Nike announced it is ending its policy of reducing pay and benefits if an athlete gets pregnant.
Nike has been under fire for months after Alysia Montaño went public in an opinion piece for the New York Times, detailing how the apparel giant cut her paycheck and health insurance while she was pregnant.
In July, Allyson Felix, one of Nike's highest profile athletes, left the brand and signed with Athleta. Felix had said Nike did not do enough to support pregnant athletes.
“As women and athletes, we experience the joys and challenges that come with being both,” Athleta wrote in a letter to Felix when the contract was announced. “It’s why we promise to support you—as an athlete, a mother, an activist—as you continue to break records, break barriers, and break the silence.”
Felix tweeted on Friday "Our voices have power. NIKE has contractually provided maternal protection to the female athletes they sponsor. I’m grateful to NIKE leadership for believing that we are all more than athletes. THANK YOU to the brands who have already made this commitment. Who is next?"
Our voices have power. NIKE has contractually provided maternal protection to the female athletes they sponsor. I’m grateful to NIKE leadership for believing that we are all more than athletes. THANK YOU to the brands who have already made this commitment. Who is next? pic.twitter.com/fF9ZV0DkCJ
— Allyson Felix (@allysonfelix) August 16, 2019
As Victoria Jackson, a former Nike athlete wrote for GlobalSport Matters in May:
"Montaño has channeled her anger into positive change, making the elite sports landscape better for women. Before taking on Nike’s #DreamCrazy, she pushed for maternity leave legislation so the United States Olympic Committee couldn’t revoke a pregnant or postpartum athlete’s health insurance through the Elite Athlete Health Insurance program.
All athletes — but especially women athletes and athletes of color — are supposed to be grateful for the contract, the privilege of getting paid to do what they love. If they ask or suggest or push or request, they’re being difficult and no longer part of the team. Unsurprisingly, Montaño has taken heat for trying to improve the landscape for pro women athlete moms. In sport, too often, critical thinking is interpreted as negative. We have to buy in 100 percent, “believe in something, even if it means sacrificing everything,” be a team player,#TrustTheProcess."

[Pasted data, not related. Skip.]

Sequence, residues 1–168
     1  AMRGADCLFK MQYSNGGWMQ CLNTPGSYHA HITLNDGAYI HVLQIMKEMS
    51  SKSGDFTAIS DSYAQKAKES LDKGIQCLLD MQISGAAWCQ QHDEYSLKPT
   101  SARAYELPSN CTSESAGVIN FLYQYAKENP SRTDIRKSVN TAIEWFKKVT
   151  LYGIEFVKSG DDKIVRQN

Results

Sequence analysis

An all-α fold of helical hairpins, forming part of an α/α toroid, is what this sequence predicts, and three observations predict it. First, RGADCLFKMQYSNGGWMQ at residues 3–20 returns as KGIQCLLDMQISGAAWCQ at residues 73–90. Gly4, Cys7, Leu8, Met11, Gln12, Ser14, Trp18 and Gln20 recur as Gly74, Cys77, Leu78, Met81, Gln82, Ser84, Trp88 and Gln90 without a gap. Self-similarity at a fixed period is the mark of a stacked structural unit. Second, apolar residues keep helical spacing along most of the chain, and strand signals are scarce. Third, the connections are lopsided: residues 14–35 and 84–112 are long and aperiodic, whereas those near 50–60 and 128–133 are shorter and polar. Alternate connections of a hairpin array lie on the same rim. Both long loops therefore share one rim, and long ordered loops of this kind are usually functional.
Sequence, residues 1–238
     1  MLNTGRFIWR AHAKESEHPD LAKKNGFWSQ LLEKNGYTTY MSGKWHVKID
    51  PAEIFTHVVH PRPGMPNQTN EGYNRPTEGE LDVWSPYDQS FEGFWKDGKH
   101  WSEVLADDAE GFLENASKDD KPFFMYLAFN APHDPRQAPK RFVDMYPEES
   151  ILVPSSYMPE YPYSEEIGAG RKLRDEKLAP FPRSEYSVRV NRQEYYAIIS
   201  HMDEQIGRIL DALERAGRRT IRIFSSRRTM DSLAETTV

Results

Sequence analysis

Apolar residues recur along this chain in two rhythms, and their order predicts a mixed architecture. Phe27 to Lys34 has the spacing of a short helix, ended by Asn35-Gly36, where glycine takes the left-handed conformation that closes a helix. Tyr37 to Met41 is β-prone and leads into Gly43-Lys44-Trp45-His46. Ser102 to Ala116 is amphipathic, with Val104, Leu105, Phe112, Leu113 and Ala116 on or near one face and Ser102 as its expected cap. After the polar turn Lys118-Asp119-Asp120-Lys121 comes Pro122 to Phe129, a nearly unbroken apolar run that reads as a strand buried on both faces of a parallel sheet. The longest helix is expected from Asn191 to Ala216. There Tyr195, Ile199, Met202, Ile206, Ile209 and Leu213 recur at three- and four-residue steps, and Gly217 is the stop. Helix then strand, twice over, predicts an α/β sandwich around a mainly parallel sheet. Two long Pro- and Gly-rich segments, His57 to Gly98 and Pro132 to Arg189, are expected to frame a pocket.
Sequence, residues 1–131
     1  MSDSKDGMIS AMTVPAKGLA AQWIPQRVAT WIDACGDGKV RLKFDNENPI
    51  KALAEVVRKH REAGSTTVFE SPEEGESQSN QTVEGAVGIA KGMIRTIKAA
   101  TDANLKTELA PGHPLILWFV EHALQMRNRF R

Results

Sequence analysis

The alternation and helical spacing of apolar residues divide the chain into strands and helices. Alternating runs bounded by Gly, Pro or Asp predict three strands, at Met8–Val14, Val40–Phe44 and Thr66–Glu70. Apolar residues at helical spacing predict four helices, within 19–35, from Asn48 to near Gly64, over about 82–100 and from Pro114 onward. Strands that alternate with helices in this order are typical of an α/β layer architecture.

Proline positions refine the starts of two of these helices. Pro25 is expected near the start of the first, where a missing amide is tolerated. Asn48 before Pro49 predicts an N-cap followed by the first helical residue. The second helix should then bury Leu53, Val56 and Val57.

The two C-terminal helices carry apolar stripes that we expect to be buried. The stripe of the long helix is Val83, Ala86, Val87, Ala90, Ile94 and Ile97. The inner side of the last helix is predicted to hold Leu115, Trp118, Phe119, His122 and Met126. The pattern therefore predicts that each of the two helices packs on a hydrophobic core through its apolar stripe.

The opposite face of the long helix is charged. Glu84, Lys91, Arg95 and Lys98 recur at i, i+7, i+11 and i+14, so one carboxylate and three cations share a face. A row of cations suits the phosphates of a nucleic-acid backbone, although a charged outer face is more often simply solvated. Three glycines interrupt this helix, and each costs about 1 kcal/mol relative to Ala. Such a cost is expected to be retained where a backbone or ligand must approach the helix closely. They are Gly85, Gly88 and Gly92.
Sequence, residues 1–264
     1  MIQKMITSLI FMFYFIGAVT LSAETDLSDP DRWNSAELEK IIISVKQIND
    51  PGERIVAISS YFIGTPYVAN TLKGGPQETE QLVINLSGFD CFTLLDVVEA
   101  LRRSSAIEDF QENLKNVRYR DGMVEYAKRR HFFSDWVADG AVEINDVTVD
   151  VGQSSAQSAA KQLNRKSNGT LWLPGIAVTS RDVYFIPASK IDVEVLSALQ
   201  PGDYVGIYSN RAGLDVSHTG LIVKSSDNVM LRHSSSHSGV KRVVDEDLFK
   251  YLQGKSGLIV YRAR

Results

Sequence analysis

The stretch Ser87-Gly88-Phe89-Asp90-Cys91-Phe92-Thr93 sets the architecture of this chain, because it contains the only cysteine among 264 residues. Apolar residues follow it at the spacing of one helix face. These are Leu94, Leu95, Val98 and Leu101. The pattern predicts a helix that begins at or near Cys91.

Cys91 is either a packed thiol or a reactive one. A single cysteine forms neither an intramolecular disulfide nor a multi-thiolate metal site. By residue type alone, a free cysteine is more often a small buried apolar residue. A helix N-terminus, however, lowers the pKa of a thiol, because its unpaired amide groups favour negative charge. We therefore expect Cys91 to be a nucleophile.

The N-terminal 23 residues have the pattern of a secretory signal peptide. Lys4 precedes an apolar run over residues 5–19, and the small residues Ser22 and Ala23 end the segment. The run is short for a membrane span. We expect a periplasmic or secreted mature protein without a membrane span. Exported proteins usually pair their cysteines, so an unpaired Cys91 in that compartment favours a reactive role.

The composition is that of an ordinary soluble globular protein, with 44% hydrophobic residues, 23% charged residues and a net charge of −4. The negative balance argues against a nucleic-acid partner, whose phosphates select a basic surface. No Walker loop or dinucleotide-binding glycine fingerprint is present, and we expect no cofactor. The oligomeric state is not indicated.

According to the letter to its athletes and tweeted by ESPN's Emmanuel Acho, the new addendum to the Nike contract states: “If ATHLETE becomes pregnant, NIKE may not apply any performance-related reductions (if any) for a consecutive period of 18 months, beginning eight months prior to ATHLETE’s due date. During such period NIKE may not apply any right of termination (if any) as a result of ATHLETE not competing due to pregnancy.”
Wow. HUGE progress for female athletes, and equality in general! @Nike, officially eliminating wage reductions due to pregnancy (for track & field athletes). Effective immediately! pic.twitter.com/3jDgYoUpxW
— Emmanuel Acho (@thEMANacho) August 16, 2019
The new policy is effective immediately and will protect athletes for an additional six months, allowing more time for the new mom and baby to bond and not forcing the women to begin training immediately.
In a statement to Sports Illustrated, Nike said: "Female athletes and their representatives will begin receiving written confirmation reaffirming Nike's official pregnancy policy for elite athletes.
"In addition to our 2018 policy standardizing our approach across all sports to ensure no female athlete is adversely impacted financially for pregnancy, the policy has now been expanded to cover 18 months."